Securities Lending & Short Selling

Short selling is a practice whereby an investor borrows securities to immediately sell them to a third party, with the intention to buy it back, at a later point in time once the price has decreased. The difference between the higher price at which the security is initially sold and the lower price at which it is repurchased and returned to the lender, minus the fees paid to the borrower, represents the profit of the short seller.

Covered vs Naked Short Selling

  • Covered short selling involves borrowing securities or having an intention to borrow securities via a locate before making a sale.
  • Naked short selling occurs when the investor has not borrowed securities or shown an intention to borrow securities prior to the execution of the short sale. Naked or uncovered short selling is banned in most jurisdictions globally.
  • Covered short selling is a legitimate and widely used trading technique that plays a crucial role in maintaining market efficiency, facilitating better price discovery and underpinning market liquidity. To enable short selling to fulfil its pivotal role within the capital markets ecosystem it relies heavily on the availability of securities from securities lending programmes to allow market participants, to execute short sales and implement effective hedging strategies.

Short selling can correct market inefficiencies and act as a stabilising mechanism by bringing over-inflated stock prices back to their true market value, through allowing investors to express sentiment against overvalued stocks.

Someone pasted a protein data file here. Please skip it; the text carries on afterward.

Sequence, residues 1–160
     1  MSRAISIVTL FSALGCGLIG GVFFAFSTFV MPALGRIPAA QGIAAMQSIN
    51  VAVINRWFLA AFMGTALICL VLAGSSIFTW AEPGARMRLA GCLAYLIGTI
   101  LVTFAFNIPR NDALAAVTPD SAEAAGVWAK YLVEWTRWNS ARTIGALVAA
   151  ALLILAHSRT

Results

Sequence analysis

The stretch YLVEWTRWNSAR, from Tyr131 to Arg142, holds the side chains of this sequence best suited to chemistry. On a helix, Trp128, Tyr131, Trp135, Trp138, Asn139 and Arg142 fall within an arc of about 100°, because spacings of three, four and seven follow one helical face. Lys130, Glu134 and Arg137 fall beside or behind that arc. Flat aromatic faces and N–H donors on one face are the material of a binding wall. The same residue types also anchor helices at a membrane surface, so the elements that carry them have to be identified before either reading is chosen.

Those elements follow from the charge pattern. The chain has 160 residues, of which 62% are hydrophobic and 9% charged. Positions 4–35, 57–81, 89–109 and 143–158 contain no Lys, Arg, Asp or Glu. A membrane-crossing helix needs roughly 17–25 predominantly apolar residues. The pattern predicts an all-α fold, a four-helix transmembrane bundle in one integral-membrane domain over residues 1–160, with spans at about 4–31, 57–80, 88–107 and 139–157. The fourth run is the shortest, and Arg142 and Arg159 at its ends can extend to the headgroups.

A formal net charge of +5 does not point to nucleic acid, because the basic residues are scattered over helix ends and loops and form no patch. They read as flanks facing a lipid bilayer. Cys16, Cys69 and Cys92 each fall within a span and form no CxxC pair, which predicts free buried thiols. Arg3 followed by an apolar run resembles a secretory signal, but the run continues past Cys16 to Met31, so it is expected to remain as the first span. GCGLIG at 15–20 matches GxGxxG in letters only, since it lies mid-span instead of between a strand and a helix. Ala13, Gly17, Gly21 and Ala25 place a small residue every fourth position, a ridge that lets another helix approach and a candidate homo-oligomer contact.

Some view short selling as a questionable practice, as they consider it as profiting from a company’s decline in value. However, most economists now recognise it as an important part of a well-functioning market because of its ability to bring over- or under-inflated stock prices back to their true market value.

To avoid the abuse of short selling, it is crucial that it is conducted within a regulatory framework to ensure market integrity. In March 2012, the European Commission published EU Regulation 236/2012 (commonly known as the EU Short Selling Regulation). This regulation sets out rules for short selling and certain aspects of credit default swaps within the EU. It aims to promote transparency and consistency in short selling practices.

In the US, the SEC implemented rule 13f-2 which also requires disclosure of short positions exceeding a specific threshold by certain institutional investment managers.

Find out more about Short Selling Regulation (SSR) here.

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